Concupiscence Concupiscence (from the Latin: con-, with + cupi, cupid - desire + -escere - suffix denoting beginning of a process or state) is an ardent, usually sensual, longing.[1] In Christian theology, concupiscence has the name "Fomes peccati", as the selfish human desire for an object, person, or experience.[2] For Christians, concupiscence is what they understand as the orientation, inclination or innate tendency of human beings to long for fleshly appetites, often associated with a desire to do things which are proscribed. There are nine occurrences of concupiscence in the Douay-Rheims Bible[3] and three occurrences in the King James Bible.[4] It is also one of the English translations of the Koine Greek epithumia (ἐπιθυμία),[5] which occurs 38 times in the New Testament.[6] Catholic and Protestant beliefs[edit] Catholicism, by contrast, teaches that humanity's original nature is good (CCC 374). This condition is referred to as original righteousness or Original Justice. Catholic teaching[edit]

Original Sin I. Meaning II. Principal Adversaries III. Original Sin in Scripture IV. Original Sin in Tradition V. Meaning Original sin may be taken to mean: (1) the sin that Adam committed; (2) a consequence of this first sin , the hereditary stain with which we are born on account of our origin or descent from Adam . From the earliest times the latter sense of the word was more common, as may be seen by St. Principal adversaries Theodorus of Mopsuestia opened this controversy by denying that the sin of Adam was the origin of death. After some time the Pelagians admitted the transmission of death — this being more easily understood as we see that parents transmit to their children hereditary diseases — but they still violently attacked the transmission of sin ( St. The leaders of the Reformation admitted the dogma of original sin, but at present there are many Protestants imbued with Socinian doctrines whose theory is a revival of Pelagianism . Original sin in Scripture Original sin in tradition St.

Allegorical interpretations of Genesis Genesis is part of the canonical scriptures for both Christianity and Judaism, and thus to believers is taken as being of spiritual significance. The opening sequences of the book tell the biblical story of origins. Those who read Genesis literally believe that it teaches the creation of humanity and the universe in general in a timeframe of six successive days of 24 hour durations. Those who favor an allegorical interpretation of the story claim that its intent is to describe humankind's relationship to creation and the creator. Some Jews and Christians have long considered the creation account of Genesis as an allegory instead of as historical description, much earlier than the development of modern science. Interpretation[edit] Church historians on allegorical interpretation of Genesis[edit] The literalist reading of some contemporary Christians maligns the allegorical or mythical interpretation of Genesis as a belated attempt to reconcile science with the biblical account. St. St.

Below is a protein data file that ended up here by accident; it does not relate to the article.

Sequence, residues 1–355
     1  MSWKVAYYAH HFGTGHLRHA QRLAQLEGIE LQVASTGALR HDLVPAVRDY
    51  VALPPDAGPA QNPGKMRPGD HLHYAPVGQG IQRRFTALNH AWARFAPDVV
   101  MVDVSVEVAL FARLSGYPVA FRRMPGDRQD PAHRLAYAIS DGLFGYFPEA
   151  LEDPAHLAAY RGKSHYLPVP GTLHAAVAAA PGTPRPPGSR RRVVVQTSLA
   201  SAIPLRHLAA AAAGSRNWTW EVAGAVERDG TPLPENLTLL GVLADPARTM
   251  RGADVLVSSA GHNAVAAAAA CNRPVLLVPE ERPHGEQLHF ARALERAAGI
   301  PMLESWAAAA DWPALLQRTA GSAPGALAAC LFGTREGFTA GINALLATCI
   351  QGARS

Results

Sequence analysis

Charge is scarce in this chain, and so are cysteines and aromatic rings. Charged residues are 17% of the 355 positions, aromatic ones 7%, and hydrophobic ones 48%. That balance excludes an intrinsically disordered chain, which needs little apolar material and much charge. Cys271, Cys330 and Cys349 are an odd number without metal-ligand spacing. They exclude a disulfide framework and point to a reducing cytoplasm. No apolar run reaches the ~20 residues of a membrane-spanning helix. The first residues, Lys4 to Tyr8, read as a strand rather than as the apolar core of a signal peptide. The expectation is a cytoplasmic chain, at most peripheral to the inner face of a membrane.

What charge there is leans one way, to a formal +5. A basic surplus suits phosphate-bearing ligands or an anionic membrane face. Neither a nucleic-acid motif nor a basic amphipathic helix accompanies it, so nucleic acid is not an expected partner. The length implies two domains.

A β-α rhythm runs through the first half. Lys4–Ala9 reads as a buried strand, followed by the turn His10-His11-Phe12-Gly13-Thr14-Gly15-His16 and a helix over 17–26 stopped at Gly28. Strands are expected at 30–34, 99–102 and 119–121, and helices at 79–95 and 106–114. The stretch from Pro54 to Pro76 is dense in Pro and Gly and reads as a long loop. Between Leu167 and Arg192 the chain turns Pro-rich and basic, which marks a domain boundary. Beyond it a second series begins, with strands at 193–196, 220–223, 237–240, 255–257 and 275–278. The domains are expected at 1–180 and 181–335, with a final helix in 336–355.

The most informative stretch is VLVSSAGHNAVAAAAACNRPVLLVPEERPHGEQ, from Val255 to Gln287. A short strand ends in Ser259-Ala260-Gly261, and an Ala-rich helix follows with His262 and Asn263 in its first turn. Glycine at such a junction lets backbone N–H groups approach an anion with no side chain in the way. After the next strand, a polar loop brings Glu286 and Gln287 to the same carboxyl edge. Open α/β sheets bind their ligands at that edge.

Old Earth creationism Old Earth creationism is an umbrella term for a number of types of creationism, including gap creationism, progressive creationism, and evolutionary creationism.[1] Old Earth creationism is typically more compatible with mainstream scientific thought on the issues of physics, chemistry, geology and the age of the Earth, in comparison to young Earth creationism.[2] Types of old Earth creationism[edit] Gap creationism[edit] Gap creationism states that life was immediately and recently created on a pre-existing old Earth. One variant rests on a rendering of Genesis 1:1-2 as: "In the beginning ... the earth was formless and void." This is taken by Gap creationists to imply that the earth already existed, but had passed into decay during an earlier age of existence, and was now being "shaped anew". Progressive creationism[edit] Theistic evolution[edit] Hindu creationism[edit] Approaches to Genesis 1[edit] The Framework interpretation[edit] Day-age creationism[edit] Cosmic Time[edit] Criticism[edit]

Michael Gilmour: Top 10 Zombie Scenes in the Bible Zombies loom large in popular culture these days. Max Brooks' "World War Z: An Oral History of the Zombie War" (2006), the Jane Austen, Seth Grahame-Smith mashup "Pride and Prejudice and Zombies" (2009), and Melissa Marr's "Graveminder" (2011), to name but a few recent novels, enjoy a wide readership. There are also graphic novels, the AMC television show "The Walking Dead," video games, and of course movies. Some of my recent favorites in the latter category include the Norwegian Nazis-as-zombies film "Dead Snow" (2009) with its delightful tagline "Ein! Zwei! Die!" I am an unabashed zombie fan but also teach "classic" English literature and the New Testament so I can't quite bring myself to desecrate the literary and religious masterpiece that is the Authorized (King James) Version by contributing to the Zombie Bible. 1. 2. 3. 4. 5. 6. 7. 8. 10.

What is the biblical evidence for original sin? There are several lines of biblical evidence for the historic Christian doctrine that we are all born into the world with sinful natures, due to the sin of Adam. Scripture says that we are born sinners and that we are by nature sinnersPsalm 51:5 states that we all come into the world as sinners: "Behold, I was brought forth in iniquity, and in sin my mother conceived me." Ephesians 2:2 says that all people who are not in Christ are "sons of disobedience." Ephesians 2:3 also establishes this, saying that we are all "by nature children of wrath." If we are all "by nature children of wrath," it can only be because we are all by nature sinners--for God does not direct His wrath towards those who are not guilty. Scripture speaks of humans as unrighteous from infancy There are also verses which declare that we are all unrighteous from the time that we are born. Jeremiah 17:9 says that "the heart is more deceitful than all else and is desperately sick; who can understand it." Further Resources